THE FUTURE FOLLOWING BREXIT

Waving flag of United Kingdon and New Zealand

Companies around the world have been nervously awaiting updates on the Brexit situation unfolding in the United Kingdom. SupermarketNews magazine spoke to Nick Swallow, New Zealand’s trade commissioner for the United Kingdom and Ireland, to discuss how Kiwi businesses should be preparing for various Brexit scenarios and how specific outcomes will affect them.

“The purpose of my role, and my team, is to support New Zealand companies and help them grow bigger, better and faster in the UK and Ireland,” explained Swallow. The trade commissioner expressed his confidence in the UK to maintain positive relations with New Zealand following any Brexit scenario, citing our long history together as trade partners. “New Zealand has had an extensive history of trade with the UK, and they are our fifth largest two-way trade partner,” he offered. “Trade is built on common understanding, and I think that the UK will continue to be a strong market for New Zealand companies. They have weathered many storms in the past, and that common understanding our two countries share is what will help maintain the relationship.”

Despite our strong history, however, Swallow was determined to encourage New Zealand businesses to prepare themselves for various outcomes. “It really depends what industry you’re in as to what the impacts of a deal or no deal Brexit will have. I think the best thing New Zealand companies can do is to look at their operations to understand what effects Brexit could have on them, and put in place sensible contingency planning to hedge themselves against some of these risks.” Swallow elaborated that these plans did not need to be extensive or even particularly time-consuming, it simply involves understanding your movements and exporting processes. “It is just sitting down for a couple of hours and looking at your operations to understand the movement of goods into the UK and then from the UK into Europe. This is to make sure that your minimising your exposure to things like tariffs and customs formalities by either shipping directly into Europe or looking at other options. There are a lot of tools on the NZTE website to point companies in the right direction.”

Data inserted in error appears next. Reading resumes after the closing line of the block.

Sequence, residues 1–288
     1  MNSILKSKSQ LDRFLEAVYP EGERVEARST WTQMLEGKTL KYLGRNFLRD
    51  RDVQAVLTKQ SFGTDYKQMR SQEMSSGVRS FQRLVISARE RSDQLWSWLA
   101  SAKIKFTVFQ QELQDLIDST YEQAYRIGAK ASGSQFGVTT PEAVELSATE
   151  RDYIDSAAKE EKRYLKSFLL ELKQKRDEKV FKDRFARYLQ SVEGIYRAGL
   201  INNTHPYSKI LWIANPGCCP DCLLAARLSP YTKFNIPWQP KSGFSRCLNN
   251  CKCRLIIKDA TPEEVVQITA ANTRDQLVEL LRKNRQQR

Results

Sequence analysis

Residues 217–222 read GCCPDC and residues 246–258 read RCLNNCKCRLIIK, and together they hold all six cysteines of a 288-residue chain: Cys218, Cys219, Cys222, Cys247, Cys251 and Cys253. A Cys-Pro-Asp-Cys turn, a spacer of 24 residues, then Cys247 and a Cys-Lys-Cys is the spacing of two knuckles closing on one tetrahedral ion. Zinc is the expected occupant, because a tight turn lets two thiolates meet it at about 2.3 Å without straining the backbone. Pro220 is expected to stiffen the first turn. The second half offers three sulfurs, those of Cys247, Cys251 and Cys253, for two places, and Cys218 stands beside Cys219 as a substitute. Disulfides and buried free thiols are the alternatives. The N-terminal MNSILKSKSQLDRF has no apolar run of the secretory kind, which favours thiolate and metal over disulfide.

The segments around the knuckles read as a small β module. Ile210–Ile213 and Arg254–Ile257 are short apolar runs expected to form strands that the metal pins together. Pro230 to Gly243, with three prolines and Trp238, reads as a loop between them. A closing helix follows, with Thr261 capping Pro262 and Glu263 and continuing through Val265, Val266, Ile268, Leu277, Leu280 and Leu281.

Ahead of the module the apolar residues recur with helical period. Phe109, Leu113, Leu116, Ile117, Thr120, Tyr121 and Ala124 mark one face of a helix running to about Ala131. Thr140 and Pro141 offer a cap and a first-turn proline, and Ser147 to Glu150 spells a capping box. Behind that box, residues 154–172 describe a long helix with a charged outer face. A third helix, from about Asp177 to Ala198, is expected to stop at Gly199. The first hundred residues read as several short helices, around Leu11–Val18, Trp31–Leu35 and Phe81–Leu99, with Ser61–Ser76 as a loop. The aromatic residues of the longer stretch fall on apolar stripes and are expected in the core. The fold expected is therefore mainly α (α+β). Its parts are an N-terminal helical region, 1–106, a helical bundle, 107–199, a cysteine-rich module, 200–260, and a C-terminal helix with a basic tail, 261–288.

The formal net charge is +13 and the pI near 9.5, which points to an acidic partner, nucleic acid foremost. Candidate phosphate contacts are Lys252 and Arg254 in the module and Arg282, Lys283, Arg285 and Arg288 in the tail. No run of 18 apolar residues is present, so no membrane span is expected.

Tariffs and customs are the two most significant changes that a deal or no deal Brexit could have for New Zealand companies, according to Swallow. “There is currently free movement of goods, people, capital and services throughout the EU. That would stop, which would mean that the UK becomes a third country, to the EU. The difference will be that anyone exporting from the UK to the EU or vice versa will possibly face tariffs and will have to go through customs formalities that they previously didn’t have to.” It is predicted that customs formalities per year will increase for the UK rather significantly, rising from 120 million to approximately 320 million. This would affect New Zealand exporters who have operations in the UK and rely on these to fulfil overseas e-commerce orders. The primary concern for these businesses is a substantial tariff increase, where previously there were none, and delays at the borders which will stop companies from fulfilling contracts or orders on time.

While these trade changes may appear bleak, Swallow expressed that Brexit may also offer some unique opportunities for New Zealand businesses. “Once the UK leaves the customs union it is then allowed to negotiate free trade agreements with other countries,” announced the trade commissioner. “The UK has indicated that it would like to enter negotiations with New Zealand for a free trade agreement, which has gone through public consultations in the UK and New Zealand.” With the UK positioned as one of the countries primary trade partners, a free trade agreement could be a significant step for New Zealand when it comes to increasing our international presence in the marketplace.

Swallow concluded by advising Kiwi’s to await further news and keep on their toes as there is no telling which way this conversation will swing. “I have no idea what way this is going to go, and in the media, you can’t predict what is going to happen even day to day, there always seems to be more surprises in store for all of us.”